None the less we enjoyed visiting some more temples, despite the onslaught of rain which attacked us by mid morning. We were mid transit when the rain hit and you haven’t seen rain until you’ve been to Asia in rainy season! Our tuk tuk driver detoured off road to a shelter, which was next to a water mill. It was just a tin roof with mats on the floor and some hammocks, next to a river. It turns out that we were all tired and I know this because without intention we all fell asleep, Emma in the hammock, myself and the tuk tuk driver on the floor (no, not together). The rain is so noisy when it hits a tin roof, it’s a sound I’ve become very familiar with.
My favourite temples were, the Bayon Temple, the one where they filmed Tomb Raider (where the trees grow from buildings and the roots are above the ground) and another temple which was not on the main tourist trail, therefore it wasn’t rebuilt or maintained, it was natural and beautiful. I’m sorry there are so many temples, I forgot their names. Some of the temples have really jaggard steep steps, if you want to go to the top that is. They vary drastically in steepness, depth and angle. We climbed the steps of one temple and I was at the front, when I reached the top, I remember thinking phew that was hard work (it was also the end of one of our days and in that heat it doesn’t take much to get exhausted when you climb your 20th set of steps). I thought I was there but I must have misjudged the last step, my legs were tired. I had my camera in one hand and my foot slipped, forcing me to land on my right elbow in an attempt to save my camera and I slid hitting my knees on the step below. Thank god I didn’t keep falling – which was very possible. My camera is a bit scratched and I have a pretty deep scrape/cut on my elbow, which I don’t doubt will scar. Note to self, continue to lug around a first aid kit, my antiseptic wipes came in very handy. And, what are a few more bruises and scars; at least they have a story behind them.
Now and then our tuk tuk driver took us off the main roads, which gave us the opportunity to see the real Cambodia, we saw many children bathing and playing in the murky waters, watched the men craft things at the front of their make shift houses, the ladies cooking at their stalls or hanging the washing out. It is stereotypical but you can see that people just work to their strengths, which is where the stereotypes come from in the first place. We saw cows along the road, people sleeping on trees, monkeys playing, oh and you can’t help but notice that despite many homes having no walls, they still had tvs and satellite dishes! Most people also have mobile phones. The irony.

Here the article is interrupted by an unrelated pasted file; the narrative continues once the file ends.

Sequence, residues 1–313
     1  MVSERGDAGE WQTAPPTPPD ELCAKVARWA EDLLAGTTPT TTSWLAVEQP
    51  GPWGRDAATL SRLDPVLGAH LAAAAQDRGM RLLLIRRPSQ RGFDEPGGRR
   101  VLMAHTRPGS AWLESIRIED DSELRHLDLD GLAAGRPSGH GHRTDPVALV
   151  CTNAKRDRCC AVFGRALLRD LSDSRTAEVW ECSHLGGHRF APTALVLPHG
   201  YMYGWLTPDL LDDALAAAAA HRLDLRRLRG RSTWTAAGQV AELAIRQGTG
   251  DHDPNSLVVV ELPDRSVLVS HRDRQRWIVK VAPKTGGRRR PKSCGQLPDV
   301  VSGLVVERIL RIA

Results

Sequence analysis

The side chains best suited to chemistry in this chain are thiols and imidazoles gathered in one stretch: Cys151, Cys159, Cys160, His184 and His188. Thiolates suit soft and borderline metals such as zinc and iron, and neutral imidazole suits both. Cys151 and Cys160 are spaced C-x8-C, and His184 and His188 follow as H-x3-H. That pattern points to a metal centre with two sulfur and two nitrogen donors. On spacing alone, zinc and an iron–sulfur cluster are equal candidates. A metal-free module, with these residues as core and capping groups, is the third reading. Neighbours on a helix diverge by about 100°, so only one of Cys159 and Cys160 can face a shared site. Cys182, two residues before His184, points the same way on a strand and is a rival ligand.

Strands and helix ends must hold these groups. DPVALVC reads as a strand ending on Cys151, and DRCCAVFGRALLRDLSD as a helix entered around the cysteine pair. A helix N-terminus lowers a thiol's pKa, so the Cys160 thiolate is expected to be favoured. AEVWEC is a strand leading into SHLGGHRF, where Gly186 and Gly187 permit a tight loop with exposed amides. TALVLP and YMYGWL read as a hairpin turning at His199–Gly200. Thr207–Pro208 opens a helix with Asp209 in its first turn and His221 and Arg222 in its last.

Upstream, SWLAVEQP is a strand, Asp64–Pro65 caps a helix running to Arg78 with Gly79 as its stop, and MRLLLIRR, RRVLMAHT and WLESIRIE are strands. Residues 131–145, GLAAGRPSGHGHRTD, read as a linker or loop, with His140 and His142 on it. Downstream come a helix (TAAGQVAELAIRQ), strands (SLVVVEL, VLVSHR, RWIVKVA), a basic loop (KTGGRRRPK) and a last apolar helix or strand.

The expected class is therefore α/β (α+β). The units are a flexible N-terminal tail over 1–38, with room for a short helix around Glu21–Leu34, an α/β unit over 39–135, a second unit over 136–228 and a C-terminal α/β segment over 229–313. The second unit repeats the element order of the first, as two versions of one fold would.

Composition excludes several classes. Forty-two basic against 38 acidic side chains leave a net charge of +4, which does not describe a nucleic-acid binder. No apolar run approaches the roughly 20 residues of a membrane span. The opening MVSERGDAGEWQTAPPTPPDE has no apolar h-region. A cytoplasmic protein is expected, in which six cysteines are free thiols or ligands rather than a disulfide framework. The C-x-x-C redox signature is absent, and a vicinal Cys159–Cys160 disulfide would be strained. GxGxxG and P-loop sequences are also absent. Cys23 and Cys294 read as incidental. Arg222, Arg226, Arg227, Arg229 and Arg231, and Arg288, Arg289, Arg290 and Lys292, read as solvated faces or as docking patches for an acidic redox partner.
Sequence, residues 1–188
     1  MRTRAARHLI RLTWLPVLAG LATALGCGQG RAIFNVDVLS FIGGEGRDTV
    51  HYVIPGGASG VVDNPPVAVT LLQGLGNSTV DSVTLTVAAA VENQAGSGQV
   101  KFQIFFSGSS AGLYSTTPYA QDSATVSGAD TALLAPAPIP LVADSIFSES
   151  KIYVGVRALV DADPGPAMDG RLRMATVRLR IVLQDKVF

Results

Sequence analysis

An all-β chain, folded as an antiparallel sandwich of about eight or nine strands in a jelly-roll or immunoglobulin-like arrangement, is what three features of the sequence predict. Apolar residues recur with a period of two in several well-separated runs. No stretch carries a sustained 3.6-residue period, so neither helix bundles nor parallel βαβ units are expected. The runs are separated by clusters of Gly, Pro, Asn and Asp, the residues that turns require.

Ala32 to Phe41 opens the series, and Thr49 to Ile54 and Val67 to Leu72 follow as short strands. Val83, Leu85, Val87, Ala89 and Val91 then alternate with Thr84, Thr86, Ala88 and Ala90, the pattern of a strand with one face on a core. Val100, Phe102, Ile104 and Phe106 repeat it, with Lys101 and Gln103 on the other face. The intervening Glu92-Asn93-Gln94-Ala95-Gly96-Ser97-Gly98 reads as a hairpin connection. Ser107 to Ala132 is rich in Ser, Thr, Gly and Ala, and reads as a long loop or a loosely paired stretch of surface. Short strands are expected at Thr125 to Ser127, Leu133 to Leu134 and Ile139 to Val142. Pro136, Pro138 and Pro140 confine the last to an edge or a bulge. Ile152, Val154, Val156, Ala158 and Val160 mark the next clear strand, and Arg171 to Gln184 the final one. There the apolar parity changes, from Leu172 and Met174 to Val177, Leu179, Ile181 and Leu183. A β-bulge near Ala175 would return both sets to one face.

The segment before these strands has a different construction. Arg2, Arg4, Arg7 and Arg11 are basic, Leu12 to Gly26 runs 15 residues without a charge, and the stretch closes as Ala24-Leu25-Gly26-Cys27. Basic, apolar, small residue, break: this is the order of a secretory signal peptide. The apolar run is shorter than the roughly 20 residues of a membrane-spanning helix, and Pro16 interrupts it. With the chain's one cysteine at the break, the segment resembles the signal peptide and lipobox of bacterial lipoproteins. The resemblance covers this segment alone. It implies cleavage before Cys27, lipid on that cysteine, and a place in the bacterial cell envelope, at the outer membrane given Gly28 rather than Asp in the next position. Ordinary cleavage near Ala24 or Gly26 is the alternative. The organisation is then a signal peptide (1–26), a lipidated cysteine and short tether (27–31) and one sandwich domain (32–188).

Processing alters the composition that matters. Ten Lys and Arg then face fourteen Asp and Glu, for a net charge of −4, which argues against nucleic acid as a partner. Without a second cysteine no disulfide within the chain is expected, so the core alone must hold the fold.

Before I forget to tell you, I think that Cambodians are beautiful people, all of them.

After a brilliant few days, I spent my last night doing some shopping at the night market and bought the most amazing ring! I think it’s a real sapphire stone…the guy used a blow torch on it in front of me, the stone was held in a brick and it turned black, then he put paper against it to prove it was hot and it caught fire. When it cooled down it returned to the deep blue colour, I then watched him refit it to the ring. It’s stunning and I am so happy with it; I only paid 10 dollars! It also made me realise that one day, if I ever manage to get there, I want my engagement ring to be like it. It’s so different and just makes me smile. When I’m grubby and feel a bit yukky it also makes me feel glamorous (even when I don’t look it).

One of the frustrations about backpacking is that there are so many special things you want to buy, which are locally crafted, but you can’t carry them around. I often see presents for friends and family but just have to restrain myself from being silly, especially as I’m not even halfway through my trip yet. To finish off my time in Siem Reap I had a massage (ha ha, I know that by now, this doesn’t surprise you), 20 mins for 1 dollar! They also reapplied my nail varnish for 1 dollar, bargain. There’s no harm in a little glamour right? Even if it is just my new ring and red nails! Overall, I loved Siem Reap and there is so much more to do there apart from the temples, but I wanted to go somewhere new and avoid getting too settled in one place. Next stop, Battembong (still in Cambodia).



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29th September 2011

enjoy
Hello mandy Great to read your adventures. What a great trip and fantastic expierences. Enjoy. I realize that Thailand is up til now your favourite country. Are you going to other countries as well?. I will keep follwing you on your logbook. Stay safe and enjoy kind regards Robbert
25th October 2011

What happened in Battambang
Please keep blogging. People do read your adventures.
3rd November 2011

Better late than never
The Battembong Blog has just been posted, it's a long one but I hope you enjoy it! Thanks for reading and supporting.